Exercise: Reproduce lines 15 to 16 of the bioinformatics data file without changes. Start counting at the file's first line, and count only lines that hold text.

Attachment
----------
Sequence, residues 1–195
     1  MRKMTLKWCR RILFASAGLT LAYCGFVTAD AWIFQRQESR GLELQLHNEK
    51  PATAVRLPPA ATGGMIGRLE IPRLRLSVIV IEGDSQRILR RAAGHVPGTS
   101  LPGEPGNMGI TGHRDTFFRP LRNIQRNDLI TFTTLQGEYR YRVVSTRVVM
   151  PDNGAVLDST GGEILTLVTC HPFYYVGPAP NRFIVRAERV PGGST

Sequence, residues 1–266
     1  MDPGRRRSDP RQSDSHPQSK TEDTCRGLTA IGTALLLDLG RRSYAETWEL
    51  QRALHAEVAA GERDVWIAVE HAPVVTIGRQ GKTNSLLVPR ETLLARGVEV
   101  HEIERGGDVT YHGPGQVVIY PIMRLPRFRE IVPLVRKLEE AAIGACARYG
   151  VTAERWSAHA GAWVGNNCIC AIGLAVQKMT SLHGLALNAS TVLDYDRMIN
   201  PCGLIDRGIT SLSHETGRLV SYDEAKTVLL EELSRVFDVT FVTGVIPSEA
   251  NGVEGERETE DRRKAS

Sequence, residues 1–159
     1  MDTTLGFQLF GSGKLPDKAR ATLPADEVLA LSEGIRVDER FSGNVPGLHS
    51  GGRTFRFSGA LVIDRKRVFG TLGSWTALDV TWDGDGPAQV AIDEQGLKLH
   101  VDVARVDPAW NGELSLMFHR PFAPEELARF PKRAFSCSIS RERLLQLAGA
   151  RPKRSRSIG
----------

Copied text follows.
    51  GGRTFRFSGA LVIDRKRVFG TLGSWTALDV TWDGDGPAQV AIDEQGLKLH
   101  VDVARVDPAW NGELSLMFHR PFAPEELARF PKRAFSCSIS RERLLQLAGA